WHEN the inventors had finished tinkering, it was left to the engineers to turn their dreams into reality. Having a brilliant idea was one thing, but putting it into practice and making it work and pay was something else entirely.
The Industrial Revolution was the golden age of engineers.
From James Brindley, the semi-literate canal surveyor who criss-crossed the country with his waterways to Richard Trevithick, the swashbuckling Cornish giant who took the steam engine to new heights.
From Thomas Telford, who opened up the country with his roads, canals and bridges to Isambard Kingdom Brunel, who did the same with railways and then took on the oceans with his steamships.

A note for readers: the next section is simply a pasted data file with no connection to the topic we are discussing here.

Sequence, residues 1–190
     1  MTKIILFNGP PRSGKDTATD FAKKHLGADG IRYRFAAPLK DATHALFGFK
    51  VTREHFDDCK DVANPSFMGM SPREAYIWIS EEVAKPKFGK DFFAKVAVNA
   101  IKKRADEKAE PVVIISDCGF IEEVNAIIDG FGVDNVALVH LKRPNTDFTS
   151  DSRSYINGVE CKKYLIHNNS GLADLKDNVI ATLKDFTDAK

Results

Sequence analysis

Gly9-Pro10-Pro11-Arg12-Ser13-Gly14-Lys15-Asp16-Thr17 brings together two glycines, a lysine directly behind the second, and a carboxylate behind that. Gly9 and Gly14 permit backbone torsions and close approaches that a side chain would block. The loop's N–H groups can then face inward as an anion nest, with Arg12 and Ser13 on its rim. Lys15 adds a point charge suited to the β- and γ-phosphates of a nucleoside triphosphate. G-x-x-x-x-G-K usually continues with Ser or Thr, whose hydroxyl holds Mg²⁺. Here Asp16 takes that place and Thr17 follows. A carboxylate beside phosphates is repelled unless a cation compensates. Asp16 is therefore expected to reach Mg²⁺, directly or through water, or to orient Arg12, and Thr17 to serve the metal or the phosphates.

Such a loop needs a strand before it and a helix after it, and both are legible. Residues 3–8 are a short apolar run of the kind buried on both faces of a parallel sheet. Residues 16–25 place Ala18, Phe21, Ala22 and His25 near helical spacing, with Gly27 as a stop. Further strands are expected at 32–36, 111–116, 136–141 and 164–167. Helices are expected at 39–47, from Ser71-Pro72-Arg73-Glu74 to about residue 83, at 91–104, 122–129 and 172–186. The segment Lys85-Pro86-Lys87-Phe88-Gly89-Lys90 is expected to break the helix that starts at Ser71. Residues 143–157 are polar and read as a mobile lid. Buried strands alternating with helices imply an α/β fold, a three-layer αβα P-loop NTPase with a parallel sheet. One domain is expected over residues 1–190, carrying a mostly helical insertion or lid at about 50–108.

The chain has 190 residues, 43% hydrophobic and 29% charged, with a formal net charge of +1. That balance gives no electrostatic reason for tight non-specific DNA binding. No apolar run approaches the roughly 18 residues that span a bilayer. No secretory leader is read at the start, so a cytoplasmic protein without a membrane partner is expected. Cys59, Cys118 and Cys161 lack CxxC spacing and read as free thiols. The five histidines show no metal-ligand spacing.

They saw the world as a challenge to be overcome, and they succeeded with an unquenchable confidence in their own ability.
In fact, there was something of a blurred line between inventor and engineer.
Thus James Watt was a talented engineer, although he will always be remembered - erroneously - as the "inventor" of the steam engine, when in fact what he did was to apply sound
Likewise, William Murdoch preferred to be remembered as an engineer, although his inventions included the high-pressure steam engine and gas lighting.
But however we class them, it was certain that no problem was insurmountable, no task beyond the men who really made the Industrial Revolution work.